decided: September 12, 1988.
JAMES E. BROOKS, PETITIONER
COMMONWEALTH OF PENNSYLVANIA, UNEMPLOYMENT COMPENSATION BOARD OF REVIEW, RESPONDENT
Appeal from the Order of the Unemployment Compensation Board of Review, in the case of In Re: Claim of James E. Brooks, No. B-259035.
Cliff Preefer, for petitioner.
James K. Bradley, Assistant Counsel, with him, Clifford F. Blaze, Deputy Chief Counsel, for respondent.
Judges Doyle and McGinley, and Senior Judge Kalish, sitting as a panel of three. Opinion by Senior Judge Kalish.
[ 119 Pa. Commw. Page 351]
Petitioner, James E. Brooks, seeks review of an order of the Unemployment Compensation Board of Review (Board) which affirmed a referee's decision denying unemployment compensation benefits to him based on a finding of willful misconduct under section 402(e) of the Unemployment Compensation Law (Law).*fn1 We affirm.
Petitioner was last employed by Empire Kosher as a laborer. He had been under the care of a chiropractor for back problems and had been off work because of this
[ 119 Pa. Commw. Page 352]
back problem. He returned to work on February 26, 1987, at 6:00 a.m., his usual starting time, and by 8:00 a.m. on the same day, he again suffered pain in his back and informed his foreman that he was going home. The referee found that the foreman advised petitioner that he may not have a job if he left work without authorization and that, if he did leave, in order to return he would have to have a doctor's excuse for any absenteeism on February 26, 1987 or thereafter until he returned to work.
The referee found that when petitioner returned to work on March 2, 1987, he did not have a doctor's excuse to support his absence. The referee found that petitioner was involuntarily terminated from his employment.
The Office of Employment Security (O.E.S.) denied benefits to petitioner on the basis of section 402(b) of the Law, voluntary quit without a necessitous and compelling reason. The referee affirmed the denial of benefits, but changed the legal basis to willful misconduct pursuant to section 402(e) of the Law.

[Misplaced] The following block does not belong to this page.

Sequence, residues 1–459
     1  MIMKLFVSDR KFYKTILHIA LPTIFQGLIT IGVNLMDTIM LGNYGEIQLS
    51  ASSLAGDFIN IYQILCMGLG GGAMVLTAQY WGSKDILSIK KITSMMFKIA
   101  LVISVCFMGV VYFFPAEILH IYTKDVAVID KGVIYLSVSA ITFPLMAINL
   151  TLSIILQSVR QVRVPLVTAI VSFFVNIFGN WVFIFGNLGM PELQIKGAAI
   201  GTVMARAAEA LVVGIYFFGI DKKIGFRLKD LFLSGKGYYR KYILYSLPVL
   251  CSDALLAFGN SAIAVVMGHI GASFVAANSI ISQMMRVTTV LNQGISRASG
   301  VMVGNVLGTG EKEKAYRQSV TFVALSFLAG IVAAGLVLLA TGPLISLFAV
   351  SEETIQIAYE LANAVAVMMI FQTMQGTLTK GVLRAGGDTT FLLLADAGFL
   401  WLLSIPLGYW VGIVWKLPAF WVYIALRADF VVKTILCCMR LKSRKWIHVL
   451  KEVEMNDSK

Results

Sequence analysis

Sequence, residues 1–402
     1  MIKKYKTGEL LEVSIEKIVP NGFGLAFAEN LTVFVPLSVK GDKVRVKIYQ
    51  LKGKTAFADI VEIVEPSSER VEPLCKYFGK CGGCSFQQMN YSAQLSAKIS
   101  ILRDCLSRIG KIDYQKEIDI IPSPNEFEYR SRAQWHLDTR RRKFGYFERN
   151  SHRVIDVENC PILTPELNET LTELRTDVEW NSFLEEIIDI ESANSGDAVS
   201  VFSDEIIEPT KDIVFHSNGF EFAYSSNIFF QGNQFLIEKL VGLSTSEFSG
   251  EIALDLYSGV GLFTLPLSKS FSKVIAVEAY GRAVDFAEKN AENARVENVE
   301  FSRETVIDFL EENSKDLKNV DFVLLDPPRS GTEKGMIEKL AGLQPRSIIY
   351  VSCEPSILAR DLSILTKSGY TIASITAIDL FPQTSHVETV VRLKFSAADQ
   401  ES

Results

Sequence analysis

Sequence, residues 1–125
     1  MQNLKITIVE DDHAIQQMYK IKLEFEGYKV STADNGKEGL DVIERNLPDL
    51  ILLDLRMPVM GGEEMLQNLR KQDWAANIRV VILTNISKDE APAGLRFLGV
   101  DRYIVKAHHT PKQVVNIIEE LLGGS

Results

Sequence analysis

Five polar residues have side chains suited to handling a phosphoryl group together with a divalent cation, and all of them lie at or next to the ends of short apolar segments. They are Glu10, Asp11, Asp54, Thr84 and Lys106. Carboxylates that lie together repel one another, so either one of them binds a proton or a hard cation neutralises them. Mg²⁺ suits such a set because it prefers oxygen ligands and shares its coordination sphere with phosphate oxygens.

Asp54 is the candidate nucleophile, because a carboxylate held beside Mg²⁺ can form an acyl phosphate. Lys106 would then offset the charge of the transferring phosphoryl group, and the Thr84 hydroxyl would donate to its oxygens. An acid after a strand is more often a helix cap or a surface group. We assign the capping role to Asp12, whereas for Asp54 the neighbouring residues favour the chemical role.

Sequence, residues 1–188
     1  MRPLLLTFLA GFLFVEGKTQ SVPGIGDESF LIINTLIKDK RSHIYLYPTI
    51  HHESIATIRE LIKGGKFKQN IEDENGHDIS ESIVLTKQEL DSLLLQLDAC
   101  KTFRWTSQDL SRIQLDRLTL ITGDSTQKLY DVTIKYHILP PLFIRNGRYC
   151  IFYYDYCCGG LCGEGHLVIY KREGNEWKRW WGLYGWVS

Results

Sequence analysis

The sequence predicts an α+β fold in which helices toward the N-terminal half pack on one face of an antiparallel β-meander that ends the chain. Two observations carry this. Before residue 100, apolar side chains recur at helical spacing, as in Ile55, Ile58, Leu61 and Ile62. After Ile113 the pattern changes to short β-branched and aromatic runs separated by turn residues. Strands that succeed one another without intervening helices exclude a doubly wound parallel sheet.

Petitioner contends that the referee made an error of law in considering section 402(e), willful misconduct, since he had not received the parties' consent to consider this section, and furthermore, the O.E.S. determination was based on section 402(b), voluntary quit.*fn2
[ 119 Pa. Commw. Page 353]
The Board held that even though there was no express consent by the parties to consider section 402(e), this matter comes within the exception in 34 Pa. Code § 101.87, because by his conduct, the petitioner consented to a consideration of the willful misconduct issue.
While it is clear from the record that petitioner was neither asked for, nor did he expressly volunteer his consent to a consideration of the section 402(e) issue, it is equally clear that petitioner recognized that section 402(e) was a potential issue in this matter. In his opening statement at the hearing, counsel for petitioner said:
Mr. Brooks can offer evidence to prove that his leaving was for good cause beyond his control, that his intent was not against the best interest of his employer, and that his intent was not based on willful misconduct, and that it was not deliberate nor in disregard of company policies or otherwise. . . .
Notes of testimony at 10. Under such circumstances, petitioner cannot claim unfairness or inability to prepare a defense.
The record is clear that petitioner did not raise the issue of switching the sections for review until appeal before this court, thus waiving that issue. Wing v. Unemployment Compensation Board of Review, 496 Pa. 113, 436 A.2d 179 (1981).
However, petitioner contends that even if the referee did not err, the employer failed to meet its burden of proving willful misconduct. In unemployment compensation cases, the claimant has the burden of establishing a compelling and necessitous cause for termination of his employment. Taylor v. Unemployment Compensation Board of Review, 86 Pa. Commonwealth Ct. 258, 484 A.2d 844 (1984). He also must show good cause for his refusal to obey a work assignment to avoid a charge of willful misconduct so as to warrant a denial
[ 119 Pa. Commw. Page 354]
of benefits. Waltz v. Unemployment Compensation Board of Review, 111 Pa. Commonwealth Ct. 54, 533 A.2d 199 (1987).
An employee's refusal to comply with a directive or request of the employer can constitute willful misconduct. However, the reasonableness of the employer's request and the employee's refusal to comply must be balanced in determining whether the employee has established good cause for his action. Waltz. Under the circumstances of this case, the employer's request for a medical certificate to cover petitioner's absence is reasonable. Petitioner's justification was that no request was ever made. However, the referee specifically found, in finding of fact Number 4, that the foreman advised petitioner that if he left, in order to return he would have to have a doctor's excuse for any absenteeism. This was a credibility determination made by the referee. There is substantial evidence in the record to support this finding.
Accordingly, we affirm the order of the Board.
Now, September 12, 1988, the order of the Unemployment Compensation Board of Review, decision No. B-259035, dated June 17, 1987, is affirmed.